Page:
Discover more from The Bulwark
‘The Pioneers’ at 200: Nature vs. Civilization
James Fenimore Cooper’s paradoxes of progress and the unsettled American heart.
IN HIS SECOND TREATISE OF GOVERNMENT, John Locke pondered the problem of how individuals could come to possess private property if God had originally given the world to all people in common. That this must somehow be possible, Locke felt certain. He highlighted its necessity with a memorable image: “The Fruit, or Venison, which nourishes the wild Indian . . . must be his, and so his, i.e. a part of him, that another can no longer have any right to it, before it can do him any good for the support of his Life.” Once I’ve eaten the venison, I need to be absolutely certain that no one else can come along and still lay claim to it.
Two hundred years ago, in 1823, James Fenimore Cooper spun that little image of Locke’s into one of the great American novels, The Pioneers. The first of what would become his five Leatherstocking Tales, it introduced two of American literature’s iconic characters: the frontiersman Natty Bumppo and the Indian Chingachgook, last of the Mohicans. These inhabitants of the American wilderness represent one pole of the novel; the other is embodied by Judge Temple, the founder of the town of Templeton and bringer of law and civilization (and a character closely modeled on the author’s father, William Cooper, who in the early years of the republic founded what is now Cooperstown, New York).
The Pioneers begins with the killing of one buck and reaches its climax with the killing of another. As it opens, the Judge is riding home with his daughter Elizabeth when a stag dashes across their carriage’s path. The Judge takes a shot at it, and a second shot rings out immediately thereafter, as Natty and a young companion emerge from the trees. As the three men argue about who has brought down the buck, Natty complains that “game is becoming hard to find, indeed, Judge, with your clearings and betterments.” He asserts a natural right to claim property in order to meet his needs, a right more fundamental than Judge Temple’s legal authority: “There’s them living who say, that Nathaniel Bumppo’s right to shoot in these hills, is of older date than Marmaduke Temple’s right to forbid him.”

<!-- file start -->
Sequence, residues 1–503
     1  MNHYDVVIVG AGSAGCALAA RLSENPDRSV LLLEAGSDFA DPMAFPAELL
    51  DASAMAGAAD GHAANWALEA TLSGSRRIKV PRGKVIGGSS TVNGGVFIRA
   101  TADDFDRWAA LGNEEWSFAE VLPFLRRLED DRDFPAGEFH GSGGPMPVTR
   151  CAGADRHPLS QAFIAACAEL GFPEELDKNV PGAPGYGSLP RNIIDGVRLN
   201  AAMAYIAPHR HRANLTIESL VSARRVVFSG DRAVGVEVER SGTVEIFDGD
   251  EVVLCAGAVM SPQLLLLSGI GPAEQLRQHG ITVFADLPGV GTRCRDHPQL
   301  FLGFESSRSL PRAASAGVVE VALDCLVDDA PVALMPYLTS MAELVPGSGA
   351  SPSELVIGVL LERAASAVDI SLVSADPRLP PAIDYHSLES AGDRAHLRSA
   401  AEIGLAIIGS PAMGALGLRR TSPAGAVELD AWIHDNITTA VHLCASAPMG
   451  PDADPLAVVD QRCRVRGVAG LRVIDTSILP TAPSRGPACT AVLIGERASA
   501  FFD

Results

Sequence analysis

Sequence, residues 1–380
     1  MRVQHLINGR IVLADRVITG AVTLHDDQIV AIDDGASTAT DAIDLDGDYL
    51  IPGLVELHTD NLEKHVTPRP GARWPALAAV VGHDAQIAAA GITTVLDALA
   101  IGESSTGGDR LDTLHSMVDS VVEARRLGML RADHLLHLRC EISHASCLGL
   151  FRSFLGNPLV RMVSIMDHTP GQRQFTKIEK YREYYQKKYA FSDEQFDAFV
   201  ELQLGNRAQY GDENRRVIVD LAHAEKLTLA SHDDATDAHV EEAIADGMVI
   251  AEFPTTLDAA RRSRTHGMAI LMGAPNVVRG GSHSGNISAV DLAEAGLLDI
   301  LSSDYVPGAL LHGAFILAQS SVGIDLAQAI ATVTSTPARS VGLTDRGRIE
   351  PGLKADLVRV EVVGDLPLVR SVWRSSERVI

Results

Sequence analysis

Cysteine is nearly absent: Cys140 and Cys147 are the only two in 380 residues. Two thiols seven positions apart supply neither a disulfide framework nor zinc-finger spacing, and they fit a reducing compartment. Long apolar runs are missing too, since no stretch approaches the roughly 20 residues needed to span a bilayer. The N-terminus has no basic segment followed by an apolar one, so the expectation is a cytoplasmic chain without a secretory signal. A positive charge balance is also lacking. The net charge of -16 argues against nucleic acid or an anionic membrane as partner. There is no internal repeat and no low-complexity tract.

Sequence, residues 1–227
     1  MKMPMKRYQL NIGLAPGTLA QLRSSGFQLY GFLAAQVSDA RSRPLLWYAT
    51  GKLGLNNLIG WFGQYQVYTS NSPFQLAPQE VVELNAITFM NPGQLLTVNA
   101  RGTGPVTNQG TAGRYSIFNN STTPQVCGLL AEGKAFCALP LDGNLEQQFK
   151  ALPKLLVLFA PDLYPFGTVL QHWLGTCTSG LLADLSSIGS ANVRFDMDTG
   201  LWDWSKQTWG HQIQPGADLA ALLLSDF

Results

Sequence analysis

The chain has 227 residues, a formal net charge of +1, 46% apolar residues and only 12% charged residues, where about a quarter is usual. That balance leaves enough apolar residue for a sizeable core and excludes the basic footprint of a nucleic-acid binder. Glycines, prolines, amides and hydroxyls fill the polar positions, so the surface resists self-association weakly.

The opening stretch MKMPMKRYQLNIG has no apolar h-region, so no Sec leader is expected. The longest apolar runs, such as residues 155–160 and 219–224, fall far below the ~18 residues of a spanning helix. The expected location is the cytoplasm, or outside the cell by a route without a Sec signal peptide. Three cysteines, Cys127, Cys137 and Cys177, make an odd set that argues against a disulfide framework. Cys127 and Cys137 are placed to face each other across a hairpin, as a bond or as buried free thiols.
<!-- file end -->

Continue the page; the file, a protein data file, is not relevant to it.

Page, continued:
This tension between the freedom of a Lockean state of nature and the human laws that enable civilization is the novel’s central theme. Cooper takes up a dilemma at the heart of America’s founding: how to sustain a cultural and political order that is grounded in—but for that very reason always liable to challenge in the name of—inalienable rights inherent in the laws of Nature and Nature’s God. The same natural liberty that gives rise to a constitutional order also provides a standard against which its laws can be judged.
This tension must have been especially dramatic on the frontier, where the rights of nature remained close to the surface. As settlers poured westward, they claimed rights to land and other property on good Lockean terms, by working the land and hunting the deer. But their voraciousness needed to be restrained. In the novel, Judge Temple sees that unless law regulates the felling of trees, shooting of deer, and catching of fish, the settlers will soon deplete their own resources. Cooper vividly portrays this in a pair of memorable scenes. In one, the villagers gather to shoot randomly into a vast flock of pigeons flying thickly overhead, engaging in reckless slaughter until the ground is covered with dead birds. Later they engage in a similar nighttime fishing expedition, casting their nets repeatedly into the lake and dragging ashore massive numbers of dying fish.
Both scenes enact but also violate Locke’s theory of property. The settlers believe they can take as much as they like from nature’s bounty. But Locke had famously denied that our right to claim property is unlimited. Rather, he wrote that we may take only as much as we “can make use of to any advantage of life before it spoils. . . . Nothing was made by God for Man to spoil or destroy.” Natty, coming upon the masses of dead pigeons, criticizes the townspeople by practically citing Locke’s dictum. “I don’t relish to see these wasty ways that you are all practysing,” he chides them, “as if the least thing wasn’t made for use, and not to destroy.” In the scene with the fish, he asserts the same idea: “As God made them for man’s food, and for no other disarnable reason, I call it sinful and wasty to catch more than can be eat.”